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New Coroner, EMS Headquarters Ushers In 'A Sea Change'

Four state-of-the-art autopsy stations at the new Coroner's Office headquarters replace a converted embalming room in the old office, a former funeral home.
Courtesy George Hero Architects
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Four state-of-the-art autopsy stations at the new Coroner's Office headquarters replace a converted embalming room in the old office, a former funeral home.

There is a new three-story, $14.8 million headquarters for the New Orleans Coroner's Office and for Emergency Medical Services, built with funds from FEMA, community development block grants, and a public bond issue. It represents an evolution in services to the community, says Coroner Dr. Jeffrey Rouse.

"To call it an upgrade would be an understatement of massive magnitude," Rouse said, comparing the new building to the converted funeral home that has housed the coroner's office since Hurricane Katrina. "It's a sea change."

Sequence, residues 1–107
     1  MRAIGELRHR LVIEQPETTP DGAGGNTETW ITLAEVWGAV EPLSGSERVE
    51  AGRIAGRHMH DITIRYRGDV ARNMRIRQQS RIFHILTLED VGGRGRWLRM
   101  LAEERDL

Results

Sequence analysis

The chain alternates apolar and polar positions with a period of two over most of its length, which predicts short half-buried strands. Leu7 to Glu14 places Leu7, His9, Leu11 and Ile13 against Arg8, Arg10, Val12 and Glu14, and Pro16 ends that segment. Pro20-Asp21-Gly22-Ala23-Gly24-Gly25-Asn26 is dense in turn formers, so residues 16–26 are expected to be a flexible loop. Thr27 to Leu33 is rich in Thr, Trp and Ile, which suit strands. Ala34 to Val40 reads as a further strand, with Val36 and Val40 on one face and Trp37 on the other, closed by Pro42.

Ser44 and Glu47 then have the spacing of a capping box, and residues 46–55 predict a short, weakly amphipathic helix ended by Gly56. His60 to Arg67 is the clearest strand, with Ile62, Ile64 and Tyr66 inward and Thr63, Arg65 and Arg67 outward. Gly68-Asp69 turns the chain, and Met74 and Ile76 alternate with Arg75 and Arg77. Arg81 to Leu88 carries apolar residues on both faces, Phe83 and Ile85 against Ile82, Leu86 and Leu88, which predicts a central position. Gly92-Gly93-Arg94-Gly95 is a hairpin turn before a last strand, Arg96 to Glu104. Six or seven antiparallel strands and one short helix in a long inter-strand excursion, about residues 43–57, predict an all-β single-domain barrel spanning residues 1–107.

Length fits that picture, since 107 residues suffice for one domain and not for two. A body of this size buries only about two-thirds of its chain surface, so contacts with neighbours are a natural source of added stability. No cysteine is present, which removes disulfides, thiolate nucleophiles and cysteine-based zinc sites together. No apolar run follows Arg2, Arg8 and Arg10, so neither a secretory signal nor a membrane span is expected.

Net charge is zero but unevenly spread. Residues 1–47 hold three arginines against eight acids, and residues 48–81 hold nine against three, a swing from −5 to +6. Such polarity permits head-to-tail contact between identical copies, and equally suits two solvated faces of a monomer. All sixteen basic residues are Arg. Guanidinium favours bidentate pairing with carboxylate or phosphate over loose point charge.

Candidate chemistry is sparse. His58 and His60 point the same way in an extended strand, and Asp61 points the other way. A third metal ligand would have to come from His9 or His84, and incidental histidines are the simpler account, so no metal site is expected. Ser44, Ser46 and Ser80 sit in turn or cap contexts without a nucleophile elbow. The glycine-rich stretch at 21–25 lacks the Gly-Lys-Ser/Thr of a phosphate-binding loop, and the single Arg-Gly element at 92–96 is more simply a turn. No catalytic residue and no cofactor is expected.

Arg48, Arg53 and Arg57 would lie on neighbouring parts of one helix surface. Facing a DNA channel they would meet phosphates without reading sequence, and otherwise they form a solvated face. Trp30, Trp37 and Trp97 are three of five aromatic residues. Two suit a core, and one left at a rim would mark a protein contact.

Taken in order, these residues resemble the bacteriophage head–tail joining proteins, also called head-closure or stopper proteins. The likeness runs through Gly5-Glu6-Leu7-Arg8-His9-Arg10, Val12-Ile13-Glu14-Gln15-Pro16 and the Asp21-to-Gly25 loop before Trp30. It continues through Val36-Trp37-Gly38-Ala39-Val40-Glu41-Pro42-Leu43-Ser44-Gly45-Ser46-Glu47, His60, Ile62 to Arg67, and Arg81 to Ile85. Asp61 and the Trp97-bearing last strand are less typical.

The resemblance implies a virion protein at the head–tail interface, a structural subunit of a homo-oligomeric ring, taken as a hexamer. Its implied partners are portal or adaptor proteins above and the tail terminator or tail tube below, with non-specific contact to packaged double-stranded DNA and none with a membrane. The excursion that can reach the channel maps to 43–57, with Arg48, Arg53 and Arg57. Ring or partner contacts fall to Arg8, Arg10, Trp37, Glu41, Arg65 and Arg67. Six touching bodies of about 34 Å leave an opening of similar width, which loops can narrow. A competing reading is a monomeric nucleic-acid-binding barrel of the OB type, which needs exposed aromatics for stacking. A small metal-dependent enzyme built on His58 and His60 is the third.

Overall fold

The new facilities help further two of Rouse's goals as coroner: modernization and transparency. State-of-the-art coolers for storing bodies sit next to an open, bright autopsy room with four work stations.

Rouse has been able to hire new talent in investigations and pathology. Investigations are more open now, he says, with the coroner's office more welcoming to independent doctors observing, with the aim to improve the public's trust in the coroner's diagnoses.

On the administrative front, the new headquarters offers vastly improved working space. When families are called into the coroner's office, "it's probably the worst day of their lives," says Rouse, and those loved ones now have a private waiting room set aside from the general lobby.

As the New Orleans coroner also handles involuntary psychiatric commitments, the new facility also creates a separate space for that role of the office. A suite of rooms is dedicated for evaluation, interviewing and handling of psychiatric clients.

In Rouse's personal office you'll find little at the moment -- except "Percy." He's an anatomical model of the human body given to Rouse by former coroner Frank Minyard, who held the post for 40 years. Rouse's office is mostly bare,  besides the quirky Percy. He wanted his staff to move in before he made himself comfortable.